“It was high noon in the city of Antwerp. From slender
steeples floated the mellow music of the Flemish bells, and in the spire
of the great cathedral across the square the cracked chimes clashed discords
until my ears ached.
“When the fiend in the cathedral had jerked the last tuneless clang from
the chimes, I removed my fingers from my ears and sat down at one of the
iron tables in the court. A waiter, with his face shaved blue, brought
me a bottle of Rhine wine, a tumbler of cracked ice, and a siphon.
“‘Does monsieur desire anything else?’ he inquired.
“‘Yes—the head of the cathedral bell-ringer; bring it with vinegar and
potatoes,’ I said, bitterly. Then I began to ponder on my great-aunt and
the Crimson Diamond.
“The white walls of the Hôtel St. Antoine rose in a rectangle around
the sunny court, casting long shadows across the basin of the fountain.
The strip of blue overhead was cloudless. Sparrows twittered under the
eaves the yellow awnings fluttered, the flowers swayed in the summer breeze,
and the jet of the fountain splashed among the water-plants. On the sunny
side of the piazza the tables were vacant; on the shady side I was lazily
aware that the tables behind me were occupied, but I was indifferent as
to their occupants, partly because I shunned all tourists, partly because
I was thinking of my great-aunt.
“Most old ladies are eccentric, but there is a limit, and my great-aunt
had overstepped it. I had believed her to be wealthy—she died bankrupt.
Still, I knew there was one thing she did possess, and that was the famous
Crimson Diamond. Now, of course, you know who my great-aunt was.
“Excepting the Koh-i-noor and the Regent, this enormous and unique stone
was, as everybody knows, the most valuable gem in existence. Any ordinary
person would have placed that diamond in a safe-deposit. My great-aunt
did nothing of the kind. She kept it in a small velvet bag, which she carried
about her neck. She never took it off, but wore it dangling openly on her
heavy silk gown.
“In this same bag she also carried dried catnip-leaves, of which she was
inordinately fond. Nobody but myself, her only living relative, knew that
the Crimson Diamond lay among the sprigs of catnip in the little velvet
“‘Harold,’ she would say, ‘do you think I’m a fool? If I place the Crimson
Diamond in any safe-deposit vault in New York, somebody will steal it,
sooner or later.’ Then she would nibble a sprig of catnip and peer cunningly
at me. I loathed the odor of catnip and she knew it. I also loathed cats.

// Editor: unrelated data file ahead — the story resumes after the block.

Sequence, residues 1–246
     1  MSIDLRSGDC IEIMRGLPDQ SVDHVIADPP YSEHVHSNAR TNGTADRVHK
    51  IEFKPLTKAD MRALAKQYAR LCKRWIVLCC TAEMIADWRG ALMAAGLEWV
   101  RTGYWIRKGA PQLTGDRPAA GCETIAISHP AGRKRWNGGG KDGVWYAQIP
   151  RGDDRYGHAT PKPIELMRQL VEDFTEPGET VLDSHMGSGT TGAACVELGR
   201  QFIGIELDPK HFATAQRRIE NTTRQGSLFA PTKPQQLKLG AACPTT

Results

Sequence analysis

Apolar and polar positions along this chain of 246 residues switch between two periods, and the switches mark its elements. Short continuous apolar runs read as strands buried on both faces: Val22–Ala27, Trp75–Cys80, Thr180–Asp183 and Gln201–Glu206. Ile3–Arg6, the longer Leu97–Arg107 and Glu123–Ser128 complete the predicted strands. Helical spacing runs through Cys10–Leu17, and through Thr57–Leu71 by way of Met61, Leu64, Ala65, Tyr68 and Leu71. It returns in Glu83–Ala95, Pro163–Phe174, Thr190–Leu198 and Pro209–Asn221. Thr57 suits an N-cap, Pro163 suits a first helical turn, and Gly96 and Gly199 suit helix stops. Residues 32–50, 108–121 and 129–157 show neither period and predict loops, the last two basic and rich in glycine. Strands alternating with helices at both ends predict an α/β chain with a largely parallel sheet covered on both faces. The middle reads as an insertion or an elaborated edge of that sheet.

This also she knew, and of course surrounded herself with a dozen. Poor
old lady! One day she was found dead in her bed in her apartments at the
Waldorf. The doctor said she died from natural causes. The only other occupant
of her sleeping-room was a cat. The cat fled when we broke open the door,
and I heard that she was received and cherished by some eccentric people
in a neighboring apartment.
“Now, although my great-aunt’s death was due to purely natural causes,
there was one very startling and disagreeable feature of the case. The
velvet bag containing the Crimson Diamond had disappeared. Every inch of
the apartment was searched, the floors torn up, the walls dismantled, but
the Crimson Diamond had vanished. Chief of Police Conlon detailed four
of his best men on the case, and, as I had nothing better to do, I enrolled
myself as a volunteer. I also offered $25,000 reward for the recovery of
the gem. All New York was agog.
“The case seemed hopeless enough, although there were five of us after
the thief. McFarlane was in London, and had been for a month, but Scotland
Yard could give him no help, and the last I heard of him he was roaming
through Surrey after a man with a white spot in his hair. Harrison had
gone to Paris. He kept writing me that clews were plenty and the scent
hot, but as Dennet, in Berlin, and Clancy, in Vienna, wrote me the same
thing, I began to doubt these gentlemen’s ability.
“‘You say,’ I answered Harrison, ‘that the fellow is a Frenchman, and that
he is now concealed in Paris; but Dennet writes me by the same mail that
the thief is undoubtedly a German, and was seen yesterday in Berlin. To-day
I received a letter from Clancy, assuring me that Vienna holds the culprit,
and that he is an Austrian from Trieste. Now, for Heaven’s sake,’ I ended,
‘let me alone and stop writing me letters until you have something to write
“The night-clerk at the Waldorf had furnished us with our first clew. On
the night of my aunt’s death he had seen a tall, grave-faced man hurriedly
leave the hotel. As the man passed the desk he removed his hat and mopped
his forehead, and the night-clerk noticed that in the middle of his head
there was a patch of hair as white as snow.
“We worked this clew for all it was worth, and, a month later, I received
a cable despatch from Paris, saying that a man answering to the description
of the Waldorf suspect had offered an enormous crimson diamond for sale
to a jeweller in the Palais Royal. Unfortunately the fellow took fright
and disappeared before the jeweller could send for the police, and since
that time McFarlane in London, Harrison in Paris, Dennet in Berlin, and
Clancy in Vienna had been chasing men with white patches on their hair
until no gray-headed patriarch in Europe was free from suspicion. I myself
had sleuthed it through England, France, Holland, and Belgium, and now
I found myself in Antwerp at the Hôtel St. Antoine, without a clew
that promised anything except another outrage on some respectable white-haired